Triple threat storms are expected to ravage southeast Queensland and northern NSW on Tuesday and Wednesday, as forecasters warn this is a taste of what summer will look like.
The Bureau of Meteorology is forecasting severe to dangerous thunderstorms for Queensland and NSW on Tuesday and Wednesday with large to giant hail, damaging to destructive winds and heavy rainfall which could cause flash flooding.
It comes after wild weather lashed the east coast over the weekend, which saw a Brisbane woman to be hospitalised after a tree fell on her car and hailstones the size of golf balls fall on parts of the country.
The Bureau of Meteorology also recorded more than 2.24 million lighting strikes across the country over the weekend.
Southeast Queensland will likely bear the brunt of Tuesday’s wild weather, with residents in Brisbane, the Gold Coast, Darling Downs, Wide Bay and Capricornia all being warned to keep a close eye on storm warnings.
The storm activity will likely move into northern NSW on Wednesday, especially around Armidale, Coffs Harbour and Port Macquarie.
Bureau of Meteorology forecaster Jonathan How said on while there were no warnings current on Tuesday morning, the conditions were ripe for widespread activity later in the day.
“All the ingredients are there for severe storms,” he said.
“Those storms are likely to turn severe or dangerous for southeast Queensland on Tuesday.
“NSW will have their day on Wednesday, when we will see very unstable conditions extending into the northeast of the state.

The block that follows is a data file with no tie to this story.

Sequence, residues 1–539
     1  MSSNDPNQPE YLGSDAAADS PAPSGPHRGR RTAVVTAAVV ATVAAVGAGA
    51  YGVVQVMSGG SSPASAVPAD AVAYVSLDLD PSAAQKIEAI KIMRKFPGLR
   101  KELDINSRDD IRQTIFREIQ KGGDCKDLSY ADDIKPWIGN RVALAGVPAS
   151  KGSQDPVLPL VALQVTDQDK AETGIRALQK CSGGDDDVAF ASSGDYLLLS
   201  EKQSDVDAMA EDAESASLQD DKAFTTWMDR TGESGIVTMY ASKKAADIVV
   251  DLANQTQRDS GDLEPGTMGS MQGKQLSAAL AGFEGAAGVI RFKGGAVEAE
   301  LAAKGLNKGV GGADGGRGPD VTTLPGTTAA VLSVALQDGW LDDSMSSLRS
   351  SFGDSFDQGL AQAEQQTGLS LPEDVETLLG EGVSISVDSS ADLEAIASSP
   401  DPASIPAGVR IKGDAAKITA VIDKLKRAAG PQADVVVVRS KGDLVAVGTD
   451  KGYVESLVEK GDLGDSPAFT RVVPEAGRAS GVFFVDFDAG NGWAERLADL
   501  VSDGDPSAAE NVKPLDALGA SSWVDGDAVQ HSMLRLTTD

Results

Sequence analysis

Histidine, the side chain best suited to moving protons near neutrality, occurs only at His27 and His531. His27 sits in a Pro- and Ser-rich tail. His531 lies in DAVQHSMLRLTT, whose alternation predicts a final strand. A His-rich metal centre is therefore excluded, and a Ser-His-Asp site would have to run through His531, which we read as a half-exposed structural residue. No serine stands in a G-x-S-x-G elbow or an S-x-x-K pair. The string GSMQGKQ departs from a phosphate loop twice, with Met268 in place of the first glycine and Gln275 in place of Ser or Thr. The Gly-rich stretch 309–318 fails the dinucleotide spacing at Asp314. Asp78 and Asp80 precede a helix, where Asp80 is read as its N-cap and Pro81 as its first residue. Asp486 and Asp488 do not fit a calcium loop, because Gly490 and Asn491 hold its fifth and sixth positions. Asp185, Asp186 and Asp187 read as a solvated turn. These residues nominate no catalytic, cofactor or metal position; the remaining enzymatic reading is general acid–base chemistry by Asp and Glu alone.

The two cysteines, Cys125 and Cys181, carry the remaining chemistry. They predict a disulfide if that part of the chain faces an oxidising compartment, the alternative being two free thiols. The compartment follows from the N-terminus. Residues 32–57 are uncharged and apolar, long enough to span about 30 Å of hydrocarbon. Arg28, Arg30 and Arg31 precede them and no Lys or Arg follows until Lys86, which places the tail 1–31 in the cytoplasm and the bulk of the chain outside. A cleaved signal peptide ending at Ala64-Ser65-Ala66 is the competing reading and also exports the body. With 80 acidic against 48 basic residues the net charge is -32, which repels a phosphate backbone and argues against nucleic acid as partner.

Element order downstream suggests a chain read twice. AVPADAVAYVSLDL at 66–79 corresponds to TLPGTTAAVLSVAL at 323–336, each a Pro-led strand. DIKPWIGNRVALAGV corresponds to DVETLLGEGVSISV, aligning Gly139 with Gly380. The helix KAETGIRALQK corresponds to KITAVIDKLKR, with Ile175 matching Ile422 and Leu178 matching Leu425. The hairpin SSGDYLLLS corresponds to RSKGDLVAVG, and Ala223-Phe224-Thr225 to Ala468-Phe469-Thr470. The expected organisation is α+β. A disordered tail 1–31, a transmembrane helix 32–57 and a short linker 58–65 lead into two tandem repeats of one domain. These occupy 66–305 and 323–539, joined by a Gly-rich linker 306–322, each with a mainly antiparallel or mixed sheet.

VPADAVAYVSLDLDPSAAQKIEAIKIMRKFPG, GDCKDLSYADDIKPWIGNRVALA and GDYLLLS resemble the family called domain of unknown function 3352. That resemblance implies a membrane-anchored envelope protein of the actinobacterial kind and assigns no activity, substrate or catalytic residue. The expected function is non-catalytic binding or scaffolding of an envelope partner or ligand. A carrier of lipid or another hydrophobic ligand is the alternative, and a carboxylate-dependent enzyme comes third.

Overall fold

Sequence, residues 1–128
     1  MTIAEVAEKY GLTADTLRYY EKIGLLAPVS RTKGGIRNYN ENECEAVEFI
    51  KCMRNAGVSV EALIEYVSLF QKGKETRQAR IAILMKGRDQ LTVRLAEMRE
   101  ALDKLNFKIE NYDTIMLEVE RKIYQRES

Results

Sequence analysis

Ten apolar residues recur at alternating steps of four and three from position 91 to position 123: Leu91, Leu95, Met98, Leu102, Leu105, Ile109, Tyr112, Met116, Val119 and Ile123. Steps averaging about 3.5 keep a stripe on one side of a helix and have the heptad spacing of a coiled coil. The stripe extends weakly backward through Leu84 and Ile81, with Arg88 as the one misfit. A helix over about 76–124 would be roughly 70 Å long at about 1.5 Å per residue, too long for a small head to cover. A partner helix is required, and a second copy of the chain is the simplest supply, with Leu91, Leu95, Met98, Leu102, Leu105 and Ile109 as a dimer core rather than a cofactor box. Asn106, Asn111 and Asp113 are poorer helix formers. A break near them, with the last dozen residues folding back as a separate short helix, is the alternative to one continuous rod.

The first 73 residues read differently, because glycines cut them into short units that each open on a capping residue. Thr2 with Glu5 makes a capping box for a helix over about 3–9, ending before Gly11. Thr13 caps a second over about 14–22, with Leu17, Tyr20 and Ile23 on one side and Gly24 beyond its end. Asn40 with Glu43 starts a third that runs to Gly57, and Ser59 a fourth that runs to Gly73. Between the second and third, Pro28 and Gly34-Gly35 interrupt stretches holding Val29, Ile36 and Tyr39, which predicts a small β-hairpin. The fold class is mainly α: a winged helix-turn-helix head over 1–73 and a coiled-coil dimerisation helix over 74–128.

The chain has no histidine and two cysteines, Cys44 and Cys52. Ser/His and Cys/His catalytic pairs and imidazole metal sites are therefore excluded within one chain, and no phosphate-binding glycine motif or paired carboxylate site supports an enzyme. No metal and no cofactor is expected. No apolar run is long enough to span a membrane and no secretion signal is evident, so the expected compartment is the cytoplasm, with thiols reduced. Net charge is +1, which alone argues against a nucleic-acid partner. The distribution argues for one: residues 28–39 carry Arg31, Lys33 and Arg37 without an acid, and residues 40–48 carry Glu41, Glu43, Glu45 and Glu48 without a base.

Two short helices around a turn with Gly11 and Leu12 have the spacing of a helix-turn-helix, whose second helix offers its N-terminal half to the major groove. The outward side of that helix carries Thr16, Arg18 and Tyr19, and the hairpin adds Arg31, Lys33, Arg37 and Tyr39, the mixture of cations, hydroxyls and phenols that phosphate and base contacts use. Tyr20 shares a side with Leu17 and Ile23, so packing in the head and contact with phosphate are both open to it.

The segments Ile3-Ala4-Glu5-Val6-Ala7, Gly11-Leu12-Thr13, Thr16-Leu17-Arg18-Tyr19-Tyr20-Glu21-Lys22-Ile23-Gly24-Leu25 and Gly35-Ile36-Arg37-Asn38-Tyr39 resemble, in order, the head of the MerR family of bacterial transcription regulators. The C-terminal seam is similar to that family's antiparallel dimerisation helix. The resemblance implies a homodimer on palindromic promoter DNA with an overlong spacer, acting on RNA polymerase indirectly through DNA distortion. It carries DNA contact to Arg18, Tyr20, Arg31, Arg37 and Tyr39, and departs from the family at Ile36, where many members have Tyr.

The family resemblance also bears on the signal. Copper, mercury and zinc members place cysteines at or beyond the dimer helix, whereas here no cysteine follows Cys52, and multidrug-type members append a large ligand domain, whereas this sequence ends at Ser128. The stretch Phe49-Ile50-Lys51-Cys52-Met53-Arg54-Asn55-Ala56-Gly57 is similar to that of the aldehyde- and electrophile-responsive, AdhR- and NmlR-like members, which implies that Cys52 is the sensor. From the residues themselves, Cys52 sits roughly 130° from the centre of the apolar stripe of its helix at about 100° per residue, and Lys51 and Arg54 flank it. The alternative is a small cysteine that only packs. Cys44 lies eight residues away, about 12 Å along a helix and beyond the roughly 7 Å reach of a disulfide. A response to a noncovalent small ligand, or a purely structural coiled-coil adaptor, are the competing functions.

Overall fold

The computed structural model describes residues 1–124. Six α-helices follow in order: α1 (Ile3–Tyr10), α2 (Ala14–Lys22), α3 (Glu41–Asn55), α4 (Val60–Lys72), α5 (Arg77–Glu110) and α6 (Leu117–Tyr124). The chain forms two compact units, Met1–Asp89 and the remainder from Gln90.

“We’ll see quite widespread thunderstorm activity across the northeast, extending down into central parts of NSW, but the most severe will be in the northeast.
“East to southeast Queensland should also expect a dangerous storm on Wednesday.”
Severe thunderstorms would mean damaging winds in excess of 90km/h, large hail stones of around 2cm and heavy rainfall, whereas dangerous storms would result in destructive winds in excess of 100 km/h, and giant hail stones of 5cm, as well as heavy rainfall likely to lead to flash flooding.
“That’s all a possibility,” Mr How said.
Severe to dangerous thunderstorms could continue to lash the east coast for months, as La Nina conditions set in.
“We should absolutely expect more, we’re just starting the thunderstorm season, getting to peak in the east,” Mr How said.
“We’ll see more of these events over coming weeks and months particularly now we have a La Nina.”
Offshore, there are no marine warnings current for Queensland, but central NSW has a hazardous surf warning.
“That includes Sydney, Port Macquarie and Warra, there’s a pretty big swell,” Mr How sad.
“Out in the water today there’s also a strong wind warning.”